And as I read back what I’ve said here, its a little rah-rah. But at the same, time, I think there might be some changing of the guard in the coming years. What has happened with food and farming could happen in forest management down the road, just due to the challenges of forest ownership patterns. I mean, my friend who runs a organic CSA was down here in January teaching his methods at the University. Who would have thought the land-grant schools would be doing that 25 years ago?
Its all a process. Sure, there are plenty of whackem-n-stackem foresters. We just need find some of the more sensible ones in the field, and do a little crop forester release, and get em on board.February 26, 2008 at 10:12 am #45754
You know I knew a young woman once who started dating a man (married), because “he said all the right things”.
Everyone has to make their best judgment, and find the mentors and educational opportunities, but the truth of the matter is that the industry has had their claws into forestry for way too long to step back easily. They have heard “ecology” and “sustainability”, and they know that these “words” need to be incorporated into their advertising and mission statements. They also have an incredibly tenacious hold on universities as well. Just be true to your own clear vision, and use the opportunity wisely, but beware the “green-wash”, because it swirls all around us.
My admonition of institutional forestry is not a default promotion of horse-logging. As horse-loggers we have challenges to become proficient, professional, proactive, with or without the forestry community.
I personally see horse power as the only sustainable power for land-use. This is not good or bad forestry, or farming, it is just simple math. For me animal husbandry, and working with animals also bring emotional and creative fulfillment to the work I do.
These things do not mean that horse-logging is by itself economically viable, or even environmentally sound. These are objectives and strategies that individuals need to bring to their own operation.
However, trying to work with the institutional/industrial forestry community to bring about an embrace of these principles will not be nearly as effective as encouraging educated, capable, creative, self assured, self motivated, community-minded people to follow their own initiative and instinct about sustainable forestry and timber harvest using draft animals.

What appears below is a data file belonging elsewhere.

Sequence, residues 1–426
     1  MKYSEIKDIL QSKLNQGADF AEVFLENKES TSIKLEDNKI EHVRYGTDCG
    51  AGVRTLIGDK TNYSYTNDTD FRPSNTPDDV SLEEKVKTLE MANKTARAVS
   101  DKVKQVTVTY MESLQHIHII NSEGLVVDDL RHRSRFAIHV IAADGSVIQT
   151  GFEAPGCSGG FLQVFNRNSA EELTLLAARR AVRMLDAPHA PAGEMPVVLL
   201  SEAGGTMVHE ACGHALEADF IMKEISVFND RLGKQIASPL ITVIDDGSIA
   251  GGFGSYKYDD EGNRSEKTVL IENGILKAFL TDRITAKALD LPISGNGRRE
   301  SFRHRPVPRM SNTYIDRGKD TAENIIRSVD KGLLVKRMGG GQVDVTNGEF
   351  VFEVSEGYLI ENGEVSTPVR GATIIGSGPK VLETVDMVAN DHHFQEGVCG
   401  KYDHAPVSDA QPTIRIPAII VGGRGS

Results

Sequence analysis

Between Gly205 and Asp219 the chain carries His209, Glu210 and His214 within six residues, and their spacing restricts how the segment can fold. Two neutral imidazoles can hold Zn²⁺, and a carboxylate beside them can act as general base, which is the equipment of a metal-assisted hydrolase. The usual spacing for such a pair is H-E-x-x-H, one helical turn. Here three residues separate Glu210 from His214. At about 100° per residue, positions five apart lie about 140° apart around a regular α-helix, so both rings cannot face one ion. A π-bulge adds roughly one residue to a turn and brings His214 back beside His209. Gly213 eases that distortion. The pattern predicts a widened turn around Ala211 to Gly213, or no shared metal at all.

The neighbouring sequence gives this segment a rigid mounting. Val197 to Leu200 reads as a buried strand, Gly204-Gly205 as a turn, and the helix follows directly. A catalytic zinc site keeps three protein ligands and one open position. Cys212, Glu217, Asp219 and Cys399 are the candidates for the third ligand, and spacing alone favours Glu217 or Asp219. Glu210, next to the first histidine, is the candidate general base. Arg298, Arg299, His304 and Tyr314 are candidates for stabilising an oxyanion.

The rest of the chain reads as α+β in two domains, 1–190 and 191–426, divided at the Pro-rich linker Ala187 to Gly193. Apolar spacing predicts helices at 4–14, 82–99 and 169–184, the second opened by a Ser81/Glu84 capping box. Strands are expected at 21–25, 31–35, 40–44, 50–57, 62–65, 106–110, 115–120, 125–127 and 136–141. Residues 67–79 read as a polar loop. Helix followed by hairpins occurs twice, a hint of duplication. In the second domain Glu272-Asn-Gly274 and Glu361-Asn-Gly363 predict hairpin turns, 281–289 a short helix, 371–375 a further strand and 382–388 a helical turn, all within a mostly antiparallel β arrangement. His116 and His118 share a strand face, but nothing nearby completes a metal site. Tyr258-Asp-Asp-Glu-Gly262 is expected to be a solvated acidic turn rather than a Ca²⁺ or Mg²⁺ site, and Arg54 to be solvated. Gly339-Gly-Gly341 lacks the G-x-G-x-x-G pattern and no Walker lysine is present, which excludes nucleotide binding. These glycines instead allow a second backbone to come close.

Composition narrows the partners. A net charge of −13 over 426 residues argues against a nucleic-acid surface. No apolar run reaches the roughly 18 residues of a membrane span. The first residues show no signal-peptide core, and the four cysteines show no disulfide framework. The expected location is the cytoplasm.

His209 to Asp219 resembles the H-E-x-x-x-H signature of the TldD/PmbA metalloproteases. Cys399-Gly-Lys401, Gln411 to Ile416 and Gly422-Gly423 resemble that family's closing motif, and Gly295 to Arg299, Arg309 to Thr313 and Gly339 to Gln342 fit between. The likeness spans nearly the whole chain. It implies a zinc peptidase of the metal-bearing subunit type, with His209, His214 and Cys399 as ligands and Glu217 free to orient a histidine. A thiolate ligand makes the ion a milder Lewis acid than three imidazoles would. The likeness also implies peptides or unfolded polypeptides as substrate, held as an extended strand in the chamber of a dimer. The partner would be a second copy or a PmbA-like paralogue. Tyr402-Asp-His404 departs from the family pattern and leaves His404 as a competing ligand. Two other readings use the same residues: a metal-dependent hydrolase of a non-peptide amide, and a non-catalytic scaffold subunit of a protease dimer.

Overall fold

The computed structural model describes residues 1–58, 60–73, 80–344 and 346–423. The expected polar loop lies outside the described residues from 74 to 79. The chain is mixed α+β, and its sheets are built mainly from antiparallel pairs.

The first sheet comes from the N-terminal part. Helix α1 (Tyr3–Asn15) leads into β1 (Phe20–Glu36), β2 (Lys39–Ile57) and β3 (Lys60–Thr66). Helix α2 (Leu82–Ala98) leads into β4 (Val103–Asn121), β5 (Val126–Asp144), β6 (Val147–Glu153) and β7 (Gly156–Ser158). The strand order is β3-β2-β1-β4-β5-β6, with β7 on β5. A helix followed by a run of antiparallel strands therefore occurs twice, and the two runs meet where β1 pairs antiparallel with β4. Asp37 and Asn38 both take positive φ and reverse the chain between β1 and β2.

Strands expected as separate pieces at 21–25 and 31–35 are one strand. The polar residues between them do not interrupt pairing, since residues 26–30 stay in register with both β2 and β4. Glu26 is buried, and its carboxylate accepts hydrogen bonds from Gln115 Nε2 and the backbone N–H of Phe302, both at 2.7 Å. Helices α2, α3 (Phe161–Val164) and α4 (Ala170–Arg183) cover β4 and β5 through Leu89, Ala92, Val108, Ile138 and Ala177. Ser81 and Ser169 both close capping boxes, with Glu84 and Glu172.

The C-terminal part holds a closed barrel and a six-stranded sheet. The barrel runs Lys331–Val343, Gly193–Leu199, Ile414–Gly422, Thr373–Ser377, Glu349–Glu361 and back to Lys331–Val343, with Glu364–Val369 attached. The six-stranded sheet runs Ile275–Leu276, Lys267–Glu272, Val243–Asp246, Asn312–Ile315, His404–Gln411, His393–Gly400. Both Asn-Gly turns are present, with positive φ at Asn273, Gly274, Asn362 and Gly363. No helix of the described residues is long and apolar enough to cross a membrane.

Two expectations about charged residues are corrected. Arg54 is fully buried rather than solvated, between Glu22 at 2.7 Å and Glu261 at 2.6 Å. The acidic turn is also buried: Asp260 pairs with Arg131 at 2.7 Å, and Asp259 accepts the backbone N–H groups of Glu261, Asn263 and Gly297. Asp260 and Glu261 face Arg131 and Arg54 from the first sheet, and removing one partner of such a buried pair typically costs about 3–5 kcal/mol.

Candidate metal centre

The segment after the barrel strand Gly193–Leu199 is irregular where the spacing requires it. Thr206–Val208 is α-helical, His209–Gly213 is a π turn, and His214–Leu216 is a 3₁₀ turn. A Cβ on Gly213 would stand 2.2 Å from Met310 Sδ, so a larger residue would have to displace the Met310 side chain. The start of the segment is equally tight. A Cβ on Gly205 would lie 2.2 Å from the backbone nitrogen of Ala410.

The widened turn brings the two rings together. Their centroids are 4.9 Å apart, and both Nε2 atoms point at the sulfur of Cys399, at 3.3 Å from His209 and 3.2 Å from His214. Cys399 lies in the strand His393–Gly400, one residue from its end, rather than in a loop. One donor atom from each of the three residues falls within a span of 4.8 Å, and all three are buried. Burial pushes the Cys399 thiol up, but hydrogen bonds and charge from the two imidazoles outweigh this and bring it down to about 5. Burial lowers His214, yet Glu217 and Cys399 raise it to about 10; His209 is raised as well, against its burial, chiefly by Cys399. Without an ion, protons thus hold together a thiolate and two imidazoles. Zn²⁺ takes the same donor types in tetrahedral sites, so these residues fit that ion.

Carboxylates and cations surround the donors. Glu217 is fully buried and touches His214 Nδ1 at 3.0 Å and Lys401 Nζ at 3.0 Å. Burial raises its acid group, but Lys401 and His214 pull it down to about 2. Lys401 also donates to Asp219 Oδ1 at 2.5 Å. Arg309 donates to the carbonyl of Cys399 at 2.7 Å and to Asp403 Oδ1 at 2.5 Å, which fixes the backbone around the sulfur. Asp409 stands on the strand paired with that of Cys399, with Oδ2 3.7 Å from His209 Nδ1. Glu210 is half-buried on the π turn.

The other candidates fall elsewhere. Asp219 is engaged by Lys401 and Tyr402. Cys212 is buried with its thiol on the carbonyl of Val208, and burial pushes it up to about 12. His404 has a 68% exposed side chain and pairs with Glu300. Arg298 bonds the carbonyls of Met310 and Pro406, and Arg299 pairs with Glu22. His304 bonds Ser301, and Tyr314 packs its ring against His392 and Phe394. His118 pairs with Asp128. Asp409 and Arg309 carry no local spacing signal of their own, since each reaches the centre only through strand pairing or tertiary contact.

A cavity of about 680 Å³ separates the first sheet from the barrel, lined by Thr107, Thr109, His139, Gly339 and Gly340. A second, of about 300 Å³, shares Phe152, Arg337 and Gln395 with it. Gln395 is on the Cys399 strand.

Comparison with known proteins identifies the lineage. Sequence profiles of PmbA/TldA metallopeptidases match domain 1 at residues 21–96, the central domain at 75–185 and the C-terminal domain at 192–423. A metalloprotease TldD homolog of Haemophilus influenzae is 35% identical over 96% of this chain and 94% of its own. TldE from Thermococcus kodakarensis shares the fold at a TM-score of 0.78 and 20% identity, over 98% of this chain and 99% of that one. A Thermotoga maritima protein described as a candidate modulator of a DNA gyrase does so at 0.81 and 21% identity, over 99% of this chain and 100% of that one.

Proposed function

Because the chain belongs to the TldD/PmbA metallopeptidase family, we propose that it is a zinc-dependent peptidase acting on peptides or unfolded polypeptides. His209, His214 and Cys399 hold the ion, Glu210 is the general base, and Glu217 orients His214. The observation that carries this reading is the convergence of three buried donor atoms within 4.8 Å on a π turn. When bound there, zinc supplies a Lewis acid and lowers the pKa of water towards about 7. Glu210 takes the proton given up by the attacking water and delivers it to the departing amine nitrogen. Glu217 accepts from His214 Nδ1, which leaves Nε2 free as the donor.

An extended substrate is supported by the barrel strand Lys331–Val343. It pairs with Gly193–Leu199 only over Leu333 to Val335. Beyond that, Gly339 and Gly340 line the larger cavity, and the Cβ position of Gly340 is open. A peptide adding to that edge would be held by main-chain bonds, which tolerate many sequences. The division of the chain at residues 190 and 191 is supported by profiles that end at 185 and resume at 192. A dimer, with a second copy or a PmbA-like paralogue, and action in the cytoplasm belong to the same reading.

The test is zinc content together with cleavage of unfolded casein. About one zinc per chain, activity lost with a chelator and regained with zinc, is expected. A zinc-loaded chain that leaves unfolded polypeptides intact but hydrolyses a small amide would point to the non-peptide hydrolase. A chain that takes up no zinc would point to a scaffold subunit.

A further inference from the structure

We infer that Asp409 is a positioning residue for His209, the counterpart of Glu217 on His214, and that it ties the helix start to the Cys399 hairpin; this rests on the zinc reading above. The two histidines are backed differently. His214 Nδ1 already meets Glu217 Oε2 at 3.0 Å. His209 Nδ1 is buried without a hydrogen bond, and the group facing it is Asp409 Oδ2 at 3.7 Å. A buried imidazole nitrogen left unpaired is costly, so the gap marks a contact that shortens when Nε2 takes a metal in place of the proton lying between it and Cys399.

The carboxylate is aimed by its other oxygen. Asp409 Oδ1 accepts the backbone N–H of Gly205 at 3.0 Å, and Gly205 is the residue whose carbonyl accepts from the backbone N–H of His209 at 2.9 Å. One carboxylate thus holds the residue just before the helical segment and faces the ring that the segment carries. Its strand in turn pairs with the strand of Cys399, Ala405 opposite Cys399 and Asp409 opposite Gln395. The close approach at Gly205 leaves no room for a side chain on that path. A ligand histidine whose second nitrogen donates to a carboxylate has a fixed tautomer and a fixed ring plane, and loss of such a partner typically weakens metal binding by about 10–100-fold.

CarlFebruary 26, 2008 at 3:36 pm #45758AnonymousInactive
@Carl Russell 983 wrote:
My admonition of institutional forestry is not a default promotion of horse-logging. As horse-loggers we have challenges to become proficient, professional, proactive, with or without the forestry community.Carl
This, along with the entirety of your response is eloquent and succinct, Carl. You are doing an admirable job of advancing the craft through this forum, as are organizations like HHFF. I only wanted to make sure draft powered loggers don’t get carried away making claims they can’t back up. I also genuinely wanted to know if anyone had found better luck than I did in working with foresters, either governmental or consulting.
Thanks for your thoughts, many of which I have had while squirming in a forestry classroom in the last couple years.February 26, 2008 at 4:42 pm #45751Gabe AyersKeymaster
What kind of claims are animal powered loggers making…that they can’t back up?
We have to deal with ethical issues with some (a very few) horse loggers all the time. It is a challenge…..February 26, 2008 at 5:25 pm #45759AnonymousInactive
I think that there comes a point where this format has its limitations and can’t capture the complexity of one’s thought process the way a real conversation can. That said, I have been very satisfied with your responses, and agree with as much of what you’ve said as anyone else reading. You aren’t making unfounded claims, and thats why I think this is a great place for people to look for information.
I think being at a University in the belly of the beast puts a slant on the way I think about things. Its unavoidable. I just wanted to know what various horse loggers’ experiences are working with foresters, in the context of having sat through forestry classes and realizing that we’re not even on the radar screen. I’m looking for opportunities that would make the business easier, and not butting heads with foresters every once in a while sure would help and might have made my life alot easier as far as getting work and educating landowners about the benefits of horse-logging. Carl may be right in saying that its more productive to do it on your own than butt your head against a wall trying to convince the establishment (I’m only paraphrasing here, again, the limits of the format.)
My cautionary tone has been largely proven moot by both your and Carl’s responses, which are level-headed and proactive. I could question specifics like whether we really can better mimic catostrophic disturbances through horse logging, but thats beside the point. I’ve been to the Menomonee Indian Forest (which you’ve referenced as good management) and seen the 40 acre clearcuts that make regeneration of white pine possible and I was pretty sure they weren’t gonna do it with horses and oxen. But again, thats beside the point. There is, literally, millions of acres where horse logging would be the most efficient method of management, and I’m just looking for continued dialogue on ways to make more of it happen.
I’m still interested in thoughts from more horseloggers out there, too.
-LukeMay 30, 2008 at 2:42 am #45760